Early California-native and San José’s first mayor, Tiburcio Vázquez, an educated poet who turned outlaw following a fight that killed a so-called "Yankee" constable, stands directly behind Murieta and between a Stern Hall employee originally from Mexico and another from El Salvador. Directly above Frida Kahlo stands her famous husband, revolutionary Mexican artist Diego Rivera. To his right stands Geronimo, legendary Apache leader, and Willie Velásquez, founder of the Southwest Voter Registration Education Project.

Slightly to the right and behind Che stands the murdered President John F. Kennedy and his brother Robert, between three Stern Hall workers and Gabriela Mistral, the Chilean writer who in1945 became the first Latin American to win the Nobel Prize for literature. Standing directly over Che’s right is Nicaraguan freedom fighter Augusto C. Sandino. And over Sandino’s right shoulder stands John Towns, Stern Hall food service worker and native Texan of African descent.

Burciaga painted a red-head-banded skeleton image of death/la muerte directly over Che’s head, because death received enough votes to stand behind the lucky 13. Burciaga called la muerte a heroine, and great avenger and savior from la vida.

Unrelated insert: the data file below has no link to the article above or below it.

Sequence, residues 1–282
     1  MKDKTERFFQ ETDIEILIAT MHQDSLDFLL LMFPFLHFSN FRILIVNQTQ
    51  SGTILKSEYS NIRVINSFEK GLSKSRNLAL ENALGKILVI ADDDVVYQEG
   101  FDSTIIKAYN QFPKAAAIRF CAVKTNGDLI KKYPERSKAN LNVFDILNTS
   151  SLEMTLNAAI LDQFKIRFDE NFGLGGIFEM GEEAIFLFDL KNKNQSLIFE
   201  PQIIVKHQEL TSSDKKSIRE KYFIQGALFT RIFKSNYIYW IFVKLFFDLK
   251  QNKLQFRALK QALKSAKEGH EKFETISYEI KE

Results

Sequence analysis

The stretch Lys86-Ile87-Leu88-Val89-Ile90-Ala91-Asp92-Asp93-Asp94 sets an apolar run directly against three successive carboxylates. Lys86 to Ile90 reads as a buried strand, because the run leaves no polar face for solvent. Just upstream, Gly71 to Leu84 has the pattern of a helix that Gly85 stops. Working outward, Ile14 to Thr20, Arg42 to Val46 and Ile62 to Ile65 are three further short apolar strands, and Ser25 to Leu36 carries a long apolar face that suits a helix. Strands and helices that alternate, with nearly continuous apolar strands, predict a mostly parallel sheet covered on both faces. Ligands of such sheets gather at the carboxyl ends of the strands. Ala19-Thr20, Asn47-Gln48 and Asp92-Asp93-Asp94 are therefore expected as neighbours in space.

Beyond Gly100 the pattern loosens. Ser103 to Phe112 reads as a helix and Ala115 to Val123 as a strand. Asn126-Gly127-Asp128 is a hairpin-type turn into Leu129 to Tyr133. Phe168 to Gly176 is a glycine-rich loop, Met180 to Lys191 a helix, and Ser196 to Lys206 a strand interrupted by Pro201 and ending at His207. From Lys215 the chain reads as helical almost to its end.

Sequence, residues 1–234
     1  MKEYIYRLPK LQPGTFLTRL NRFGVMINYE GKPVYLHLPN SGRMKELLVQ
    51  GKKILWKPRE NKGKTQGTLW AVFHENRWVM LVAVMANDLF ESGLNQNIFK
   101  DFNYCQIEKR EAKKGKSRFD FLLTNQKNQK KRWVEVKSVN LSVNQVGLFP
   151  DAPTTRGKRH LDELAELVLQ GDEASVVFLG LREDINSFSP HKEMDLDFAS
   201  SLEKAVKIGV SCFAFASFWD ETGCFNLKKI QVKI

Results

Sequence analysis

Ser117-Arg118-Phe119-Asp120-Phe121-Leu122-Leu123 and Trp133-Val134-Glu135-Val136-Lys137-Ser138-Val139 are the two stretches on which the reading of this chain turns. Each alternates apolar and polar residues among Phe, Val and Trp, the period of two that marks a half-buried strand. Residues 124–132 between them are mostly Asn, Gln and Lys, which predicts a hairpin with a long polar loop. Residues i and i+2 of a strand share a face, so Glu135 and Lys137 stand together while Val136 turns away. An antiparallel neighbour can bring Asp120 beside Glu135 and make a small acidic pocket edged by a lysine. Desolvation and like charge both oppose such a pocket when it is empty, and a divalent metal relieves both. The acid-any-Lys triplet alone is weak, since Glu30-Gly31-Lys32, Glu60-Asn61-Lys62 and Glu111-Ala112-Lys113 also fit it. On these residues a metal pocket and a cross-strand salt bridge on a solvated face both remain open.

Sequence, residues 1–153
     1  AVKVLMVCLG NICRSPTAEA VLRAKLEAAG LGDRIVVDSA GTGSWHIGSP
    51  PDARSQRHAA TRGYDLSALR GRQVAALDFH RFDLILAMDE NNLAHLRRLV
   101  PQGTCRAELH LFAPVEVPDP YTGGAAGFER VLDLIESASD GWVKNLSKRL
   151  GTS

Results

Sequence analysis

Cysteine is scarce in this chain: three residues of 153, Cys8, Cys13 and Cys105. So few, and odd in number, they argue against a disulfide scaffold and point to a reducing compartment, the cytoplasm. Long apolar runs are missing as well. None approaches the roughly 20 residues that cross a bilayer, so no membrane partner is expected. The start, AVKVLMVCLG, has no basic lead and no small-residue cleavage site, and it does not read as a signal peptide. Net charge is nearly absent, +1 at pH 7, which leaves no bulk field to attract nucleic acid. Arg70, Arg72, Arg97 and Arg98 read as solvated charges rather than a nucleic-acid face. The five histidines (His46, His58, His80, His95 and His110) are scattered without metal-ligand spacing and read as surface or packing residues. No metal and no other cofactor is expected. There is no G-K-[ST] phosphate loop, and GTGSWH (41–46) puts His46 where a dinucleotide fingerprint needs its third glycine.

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Just over Che’s left, shoulder to shoulder with death, stands Carlos Santana, the Mexican immigrant guitarist who revolutionized Latino rock, serenading the chosen thirteen. To Santana’s right, between Enrique Mares and Juan Carlos, two Stern Hall employees from Mexico, stands Ignacio Zaragoza, the Seguin, Texas native who commanded the Mexican army that toppled the French troops in Puebla on Cinco de Mayo in 1862. Luisa Moreno, the upper class Guatemalan artist who migrated to the U.S.A. and became a labor organizer among United States Latina workers (from Florida cigar makers and San Antonio pecan shellers) and students during the 1930s, later was deported to Mexico as an undesirable alien during the McCarthy era, stands to Zaragoza’s right. To Moreno’s right standing among a multiethnic crew of Stern Hall workers is Los Angeles Times reporter and editorial writer, Rubén Salazar, the award-winning newspaper and television journalist killed by a Sheriff’s tear gas projectile while sitting in East Los Angeles bar on August 29, 1970, shortly after an unprovoked police attack on the Chicano Moratorium March Against the Vietnam War in East Los Angeles, California. In the upper right hand corner of the Last Supper mural, JoséAntonio Burciaga placed his Mexican-born parents, María Guadalupe Fernández Burciaga and José Cruz Burciaga.